Not so bad, actually: Nero in the Journal of Roman Studies

A fair-haired, bull-necked, poetry-loving ruler, with an eye for interior design, pathetically desperate for his subjects’ affection, sexually incontinent, lazy and slapdash in his handling of public affairs, prone to showing off his knowledge of Greek in public, and later to be remembered as the most disastrous political leader his country had ever produced – why have the Roman Society and the British Museum chosen this year of all years to commemorate the emperor Nero?…


Pots and cultural diversity in the Roman north – the case of Severan York

Questions on the extent of multiculturalism in Britain’s (Roman) past have never been more relevant. Thanks to the evidence of inscriptions and the recent scientific analysis of human skeletal remains we know that Romano-British cities were home to significant minorities of people with foreign origins from across the Roman empire and beyond, but what can the more everyday evidence of pottery tell us?…


Disentangling Domesticity

A new blog from Professor Lin Foxhall looking at domestic interactions in the ancient world.


Introducing Lin Foxhall – new Editor of the ‘Journal of Hellenic Studies’

Lin Foxhall chats to Cambridge about her new editorship and hopes for the Journal's future.


‘Classical Review’ welcomes new Reviews Editor Greta Hawes

Classical Review welcomes new Reviews Editor Greta Hawes


Philo of Alexandria: My Ancient World dinner guest

I would love to have a dinner with Philo of Alexandria even though we would be more likely to disagree on most issues.…


Favorinus: My Ancient Roman dinner guest

I probably should be naming some mighty and mysterious genius, one of the great philosophers I study or a mostly-lost tragic poet, but it would feel wrong somehow.…


Art and character: My Ancient Greek dinner guest

In discussing the interconnections of action and character (ethos) in tragedy, Aristotle praises the Greek painter Polygnotos for his “fine depiction of character” (Poetics 1450a27), contrasting his work with that of Zeuxis, who, famous for his realism, does not depict character.…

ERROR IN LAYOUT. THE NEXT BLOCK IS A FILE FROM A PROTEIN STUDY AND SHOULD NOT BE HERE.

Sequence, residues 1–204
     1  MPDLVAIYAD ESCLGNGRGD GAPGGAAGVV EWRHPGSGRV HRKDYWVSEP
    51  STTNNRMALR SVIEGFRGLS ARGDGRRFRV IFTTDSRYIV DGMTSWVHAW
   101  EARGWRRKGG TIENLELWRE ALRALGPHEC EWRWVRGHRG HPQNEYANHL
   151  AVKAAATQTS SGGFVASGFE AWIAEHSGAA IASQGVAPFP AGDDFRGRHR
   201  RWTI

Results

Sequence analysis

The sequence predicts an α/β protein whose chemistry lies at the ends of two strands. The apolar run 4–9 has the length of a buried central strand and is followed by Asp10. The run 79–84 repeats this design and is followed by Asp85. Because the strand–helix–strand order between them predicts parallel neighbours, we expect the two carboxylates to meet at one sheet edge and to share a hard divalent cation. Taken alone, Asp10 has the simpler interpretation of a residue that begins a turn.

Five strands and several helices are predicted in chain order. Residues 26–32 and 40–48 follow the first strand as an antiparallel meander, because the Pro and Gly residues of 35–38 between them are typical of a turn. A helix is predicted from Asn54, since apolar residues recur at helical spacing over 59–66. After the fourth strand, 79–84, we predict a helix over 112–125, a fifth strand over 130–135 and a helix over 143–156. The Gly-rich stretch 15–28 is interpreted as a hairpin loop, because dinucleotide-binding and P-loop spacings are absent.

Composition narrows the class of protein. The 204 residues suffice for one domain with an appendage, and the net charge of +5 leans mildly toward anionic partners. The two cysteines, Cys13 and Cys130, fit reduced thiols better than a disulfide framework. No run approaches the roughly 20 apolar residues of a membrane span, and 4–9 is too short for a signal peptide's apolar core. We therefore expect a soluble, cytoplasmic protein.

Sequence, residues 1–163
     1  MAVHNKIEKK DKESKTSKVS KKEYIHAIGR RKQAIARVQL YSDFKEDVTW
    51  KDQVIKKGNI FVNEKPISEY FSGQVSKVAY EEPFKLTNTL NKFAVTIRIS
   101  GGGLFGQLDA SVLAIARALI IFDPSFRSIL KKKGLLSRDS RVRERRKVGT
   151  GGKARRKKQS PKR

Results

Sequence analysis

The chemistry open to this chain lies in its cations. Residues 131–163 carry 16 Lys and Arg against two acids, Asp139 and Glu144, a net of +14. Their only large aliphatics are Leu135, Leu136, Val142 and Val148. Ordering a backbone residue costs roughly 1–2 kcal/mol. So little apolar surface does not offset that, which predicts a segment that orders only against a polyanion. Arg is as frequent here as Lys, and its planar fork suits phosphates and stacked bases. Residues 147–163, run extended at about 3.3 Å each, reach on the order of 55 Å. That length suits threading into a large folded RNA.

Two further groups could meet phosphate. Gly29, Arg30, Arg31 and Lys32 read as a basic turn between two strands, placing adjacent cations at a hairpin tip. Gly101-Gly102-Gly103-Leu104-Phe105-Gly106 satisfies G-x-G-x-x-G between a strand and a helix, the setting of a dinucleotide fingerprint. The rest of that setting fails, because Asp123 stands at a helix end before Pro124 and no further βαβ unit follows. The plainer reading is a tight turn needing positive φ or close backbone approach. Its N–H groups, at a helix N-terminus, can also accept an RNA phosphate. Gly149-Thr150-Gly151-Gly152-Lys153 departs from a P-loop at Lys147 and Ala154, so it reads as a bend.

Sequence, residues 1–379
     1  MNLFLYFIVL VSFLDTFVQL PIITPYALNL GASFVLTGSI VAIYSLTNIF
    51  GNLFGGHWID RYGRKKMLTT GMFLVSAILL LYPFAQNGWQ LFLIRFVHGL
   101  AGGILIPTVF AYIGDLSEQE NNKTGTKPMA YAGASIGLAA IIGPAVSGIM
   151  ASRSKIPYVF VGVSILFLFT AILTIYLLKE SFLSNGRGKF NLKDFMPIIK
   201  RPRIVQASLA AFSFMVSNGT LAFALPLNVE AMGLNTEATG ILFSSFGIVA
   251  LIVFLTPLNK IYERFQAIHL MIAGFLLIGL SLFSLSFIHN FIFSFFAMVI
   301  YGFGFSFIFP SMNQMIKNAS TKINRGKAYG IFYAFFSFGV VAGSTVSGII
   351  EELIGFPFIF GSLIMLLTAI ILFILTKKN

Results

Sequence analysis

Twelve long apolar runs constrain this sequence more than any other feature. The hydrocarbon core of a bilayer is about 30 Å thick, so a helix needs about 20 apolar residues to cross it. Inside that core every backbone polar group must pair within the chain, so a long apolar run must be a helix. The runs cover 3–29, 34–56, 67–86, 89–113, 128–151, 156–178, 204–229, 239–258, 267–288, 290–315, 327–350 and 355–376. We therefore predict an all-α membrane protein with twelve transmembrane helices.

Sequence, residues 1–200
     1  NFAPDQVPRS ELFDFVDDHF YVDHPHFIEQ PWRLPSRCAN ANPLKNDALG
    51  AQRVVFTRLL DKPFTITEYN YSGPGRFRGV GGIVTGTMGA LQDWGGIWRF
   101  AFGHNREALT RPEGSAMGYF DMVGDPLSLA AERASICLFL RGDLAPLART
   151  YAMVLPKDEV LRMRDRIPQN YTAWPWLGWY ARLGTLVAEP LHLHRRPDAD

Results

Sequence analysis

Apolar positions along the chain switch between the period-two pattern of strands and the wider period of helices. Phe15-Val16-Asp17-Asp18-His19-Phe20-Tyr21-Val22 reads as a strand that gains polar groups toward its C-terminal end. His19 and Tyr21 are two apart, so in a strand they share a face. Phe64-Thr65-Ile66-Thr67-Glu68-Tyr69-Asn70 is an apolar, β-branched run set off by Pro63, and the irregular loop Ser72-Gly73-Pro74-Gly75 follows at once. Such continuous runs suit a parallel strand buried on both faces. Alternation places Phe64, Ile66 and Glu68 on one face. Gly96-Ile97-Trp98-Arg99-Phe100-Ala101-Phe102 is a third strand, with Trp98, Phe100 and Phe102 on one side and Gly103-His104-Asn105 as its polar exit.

Lysis and his life: My Ancient Greek dinner guest

Visiting museums has been difficult this year, so it is with even greater longing that I often think these days of what is, to me, one of the most moving objects to have survived from antiquity: the gravestone of ‘Lysis, son of Democrates, of the deme Aexone’ (to cite the inscription), dating from around 350 BC and preserved in the Museum of Piraeus.…


David French – A Life in Anatolian Archaeology

“French, the son of a Yorkshire policeman, graduated with a BA in Classics from Cambridge University, but found his vocation as an archaeologist in Greece through encounters at the British School at Athens…” The latest digital publication of the British Institute at Ankara is a collection of papers that commemorate and appraise the work of David French, director of the BIAA from 1968 to 1994.…


The Türkmen-Karahöyük Intensive Survey Project (TISP): documenting the discovery of a lost kingdom in Anatolia from the Late Bronze and Iron Ages

“The Türkmen-Karahöyük Intensive Survey Project (TISP), led by James Osborne (University of Chicago), was begun in 2019 and determined that the site might not just be big, but among the very largest sites in Anatolia during the Late Bronze and Iron Ages…” One of the paradoxes of archaeology is that, although understanding of the past is usually achieved only after years of painstaking work, once in a blue moon something may be found that instantly changes one’s theories or suddenly leads to completely new research avenues.…


Why are we launching Higher Education from Cambridge University Press?

Higher Education from Cambridge University Press is our new online textbook website, launched in August 2020. In recent months Cambridge University Press has introduced a new set of strategies to support changing teaching and learning needs as higher education institutions prepare for a more digitally driven future in the wake of pandemic.…